Our lesson this week examines the topic of sexual harassment. The Executive Summary provides a concise review of the key points. Before we get started, test your knowledge by completing the following quiz.
A denominational agency has 25 employees and is engaged in interstate commerce. One of its male supervisory employees uses sexually suggestive language with a female subordinate over several weeks. The employee complains to a denominational officer. The denomination has no sexual harassment policy, and the officer decides to do nothing about the complaint.
Instructions Click on the correct answer for each of the following questions.
Sexual harassment in employment is a form of sex discrimination prohibited by Title VII of the Civil Rights Act of 1964. Generally, denominational agencies engaged in interstate commerce and having at least 15 employees are subject to Title VII, and so the ban on sexual harassment in employment applies to them. Sexual harassment consists of both "quid pro quo" harassment and "hostile environment" harassment. An employer is automatically liable for supervisory employees' acts of harassment, but a defense is available to claims of hostile environment harassment if they have adopted a written harassment policy and an alleged victim fails to pursue remedies available under the policy. In some cases, an employer may be liable for acts of sexual harassment committed by nonsupervisory employees, and even nonemployees.
Sexual harassment is a form of "sex discrimination" prohibited by Title VII of the Civil Rights Act of 1964. As we have seen in previous lessons, Title VII applies to any employer (including religious organizations) that are engaged in interstate commerce and that have at least 15 employees. Equal Employment Opportunity Commission (EEOC) regulations define the term sexual harassment as follows:
Unwelcome sexual advances, requests for sexual favors, and other verbal or physical conduct of a sexual nature constitute sexual harassment when (1) submission to such conduct is made either explicitly or implicitly a term or condition of an individual's employment, (2) submission to or rejection of such conduct by an individual is used as the basis for employment decisions affecting such individual, or (3) such conduct has the purpose or effect of unreasonably interfering with an individual's work performance or creating an intimidating, hostile, or offensive working environment.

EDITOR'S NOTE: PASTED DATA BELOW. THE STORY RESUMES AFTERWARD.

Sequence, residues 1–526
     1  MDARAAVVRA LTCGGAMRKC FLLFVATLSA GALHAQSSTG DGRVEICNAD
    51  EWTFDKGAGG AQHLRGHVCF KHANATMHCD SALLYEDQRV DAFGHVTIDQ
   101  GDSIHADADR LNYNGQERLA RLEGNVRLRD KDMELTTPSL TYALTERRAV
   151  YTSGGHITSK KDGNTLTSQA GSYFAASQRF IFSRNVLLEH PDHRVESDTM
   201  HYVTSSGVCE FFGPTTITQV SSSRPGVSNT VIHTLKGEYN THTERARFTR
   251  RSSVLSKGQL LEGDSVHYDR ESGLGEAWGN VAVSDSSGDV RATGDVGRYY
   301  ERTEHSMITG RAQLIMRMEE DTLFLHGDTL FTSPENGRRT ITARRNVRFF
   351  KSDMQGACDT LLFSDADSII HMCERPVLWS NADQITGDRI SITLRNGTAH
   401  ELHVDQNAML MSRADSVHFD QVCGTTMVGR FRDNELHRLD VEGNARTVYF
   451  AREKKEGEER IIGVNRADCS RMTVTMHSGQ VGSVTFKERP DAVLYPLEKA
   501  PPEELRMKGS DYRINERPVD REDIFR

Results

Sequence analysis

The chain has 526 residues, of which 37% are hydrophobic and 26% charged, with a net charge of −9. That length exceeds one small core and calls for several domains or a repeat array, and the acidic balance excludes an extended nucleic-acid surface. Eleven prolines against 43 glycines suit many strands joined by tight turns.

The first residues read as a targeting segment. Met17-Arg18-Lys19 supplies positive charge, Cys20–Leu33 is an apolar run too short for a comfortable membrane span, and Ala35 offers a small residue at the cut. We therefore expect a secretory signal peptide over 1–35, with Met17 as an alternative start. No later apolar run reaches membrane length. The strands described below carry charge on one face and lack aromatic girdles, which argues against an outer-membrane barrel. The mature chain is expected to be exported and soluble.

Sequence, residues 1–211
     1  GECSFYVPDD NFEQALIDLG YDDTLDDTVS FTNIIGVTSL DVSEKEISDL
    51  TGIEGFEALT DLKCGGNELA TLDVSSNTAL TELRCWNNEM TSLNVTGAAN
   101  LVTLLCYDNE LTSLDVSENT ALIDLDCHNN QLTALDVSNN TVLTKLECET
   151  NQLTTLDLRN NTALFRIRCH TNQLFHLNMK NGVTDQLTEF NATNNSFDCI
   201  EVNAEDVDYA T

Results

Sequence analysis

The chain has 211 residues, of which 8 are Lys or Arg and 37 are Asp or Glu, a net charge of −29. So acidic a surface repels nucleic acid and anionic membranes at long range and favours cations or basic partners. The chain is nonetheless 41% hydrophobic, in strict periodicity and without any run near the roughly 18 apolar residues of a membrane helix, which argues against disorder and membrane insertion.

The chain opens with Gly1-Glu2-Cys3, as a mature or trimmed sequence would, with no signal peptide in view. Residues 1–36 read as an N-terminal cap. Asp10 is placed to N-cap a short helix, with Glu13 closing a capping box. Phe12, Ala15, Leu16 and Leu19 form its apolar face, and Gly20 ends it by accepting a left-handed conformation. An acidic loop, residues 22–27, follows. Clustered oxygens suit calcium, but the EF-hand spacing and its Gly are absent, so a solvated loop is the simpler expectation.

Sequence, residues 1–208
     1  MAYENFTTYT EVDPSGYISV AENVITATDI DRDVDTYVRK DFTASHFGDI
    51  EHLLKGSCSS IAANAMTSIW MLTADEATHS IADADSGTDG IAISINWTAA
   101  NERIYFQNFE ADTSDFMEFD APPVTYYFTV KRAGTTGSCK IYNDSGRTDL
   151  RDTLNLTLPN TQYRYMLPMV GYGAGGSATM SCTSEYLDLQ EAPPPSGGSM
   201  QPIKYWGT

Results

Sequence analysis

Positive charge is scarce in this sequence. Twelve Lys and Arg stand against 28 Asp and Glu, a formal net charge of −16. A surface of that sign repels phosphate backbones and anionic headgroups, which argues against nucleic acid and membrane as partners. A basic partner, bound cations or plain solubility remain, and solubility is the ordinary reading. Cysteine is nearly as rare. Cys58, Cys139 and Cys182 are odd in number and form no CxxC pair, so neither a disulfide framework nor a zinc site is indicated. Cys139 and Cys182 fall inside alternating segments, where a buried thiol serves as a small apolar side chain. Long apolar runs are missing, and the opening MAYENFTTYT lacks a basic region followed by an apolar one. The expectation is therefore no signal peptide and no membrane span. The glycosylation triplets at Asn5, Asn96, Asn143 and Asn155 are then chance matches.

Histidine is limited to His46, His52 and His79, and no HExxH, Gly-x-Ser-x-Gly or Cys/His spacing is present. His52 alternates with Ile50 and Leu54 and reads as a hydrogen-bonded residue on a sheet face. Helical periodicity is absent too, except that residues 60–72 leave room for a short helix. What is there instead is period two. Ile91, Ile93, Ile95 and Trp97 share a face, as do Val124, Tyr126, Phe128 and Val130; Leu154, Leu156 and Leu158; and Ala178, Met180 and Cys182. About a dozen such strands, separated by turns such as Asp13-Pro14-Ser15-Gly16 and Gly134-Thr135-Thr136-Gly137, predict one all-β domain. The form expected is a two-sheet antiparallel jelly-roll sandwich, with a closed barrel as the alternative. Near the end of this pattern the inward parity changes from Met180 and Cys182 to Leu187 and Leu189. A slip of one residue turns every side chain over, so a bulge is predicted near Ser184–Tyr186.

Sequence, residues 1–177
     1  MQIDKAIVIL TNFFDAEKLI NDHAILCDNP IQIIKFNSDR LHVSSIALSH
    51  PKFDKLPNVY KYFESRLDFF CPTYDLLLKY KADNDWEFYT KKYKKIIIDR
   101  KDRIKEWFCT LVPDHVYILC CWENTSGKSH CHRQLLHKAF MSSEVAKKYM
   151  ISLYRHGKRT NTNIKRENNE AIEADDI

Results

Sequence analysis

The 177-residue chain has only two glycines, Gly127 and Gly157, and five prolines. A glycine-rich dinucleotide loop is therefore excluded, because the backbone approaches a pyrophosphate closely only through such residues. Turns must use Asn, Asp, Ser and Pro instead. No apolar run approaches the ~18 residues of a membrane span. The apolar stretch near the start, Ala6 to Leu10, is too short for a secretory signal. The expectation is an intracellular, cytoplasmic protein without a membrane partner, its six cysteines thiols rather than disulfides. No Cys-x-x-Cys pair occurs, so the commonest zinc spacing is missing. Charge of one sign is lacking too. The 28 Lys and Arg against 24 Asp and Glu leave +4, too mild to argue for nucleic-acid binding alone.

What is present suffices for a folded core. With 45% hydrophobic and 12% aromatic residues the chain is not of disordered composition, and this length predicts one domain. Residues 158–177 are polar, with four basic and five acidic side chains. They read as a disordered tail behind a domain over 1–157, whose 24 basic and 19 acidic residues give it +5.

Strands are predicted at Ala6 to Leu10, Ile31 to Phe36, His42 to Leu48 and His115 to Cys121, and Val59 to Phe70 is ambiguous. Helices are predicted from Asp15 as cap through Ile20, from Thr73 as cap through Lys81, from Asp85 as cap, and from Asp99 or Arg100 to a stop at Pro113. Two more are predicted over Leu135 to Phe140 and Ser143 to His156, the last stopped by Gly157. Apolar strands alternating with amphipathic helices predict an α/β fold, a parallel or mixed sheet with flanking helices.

This definition confirms the conclusion reached by numerous state and federal courts that sexual harassment includes at least two separate types of conduct:
- "quid pro quo" harassment, which refers to conditioning employment opportunities on submission to a sexual or social relationship, and
- "hostile environment" harassment, which refers to the creation of an intimidating, hostile, or offensive working environment through unwelcome verbal or physical conduct of a sexual nature.
Key point. A woman's "consent" is not a defense to an allegation of sexual harassment. The United States Supreme Court has observed: "The fact that sex-related conduct was voluntary in the sense that the complainant was not forced to participate against her will, is not a defense to a sexual harassment suit … . The [basis] of any sexual harassment claim is that the alleged sexual advances were unwelcome … . The correct inquiry is whether [the victim] by her conduct indicated that the alleged sexual advances were unwelcome, not whether her actual participation in sexual intercourse was voluntary."
When is an employer liable for sexual harassment? Consider the following six rules:
Rule #1 - quid pro quo harassment
If a supervisor conditions employment opportunities on an employee's submission to a sexual or social relationship, and the employee's "compensation, terms, conditions or privileges of employment" are adversely affected because of a refusal to submit, this constitutes quid pro quo sexual harassment for which the employer will be legally responsible. This is true whether or not the employer was aware of the harassment.
Rule #2 - harassment committed by nonsupervisory employees
EEOC regulations address employer liability for the sexual harassment of nonsupervisory employees as follows:
With respect to conduct between fellow employees, an employer is responsible for acts of sexual harassment in the workplace where the employer (or its agents or supervisory employees) knows or should have known of the conduct, unless it can show that it took immediate and appropriate corrective action.
Rule #3 - harassment committed by non-employees
EEOC regulations address employer liability for the sexual harassment of non-employees as follows:
An employer may also be responsible for the acts of non-employees, with respect to sexual harassment of employees in the workplace, where the employer (or its agents or supervisory employees) knows or should have known of the conduct and fails to take immediate and appropriate corrective action. In reviewing these cases the Commission will consider the extent of the employer's control and any other legal responsibility which the employer may have with respect to the conduct of such non-employees.
Rule #4 - hostile environment harassment by a supervisor, with a tangible employment decision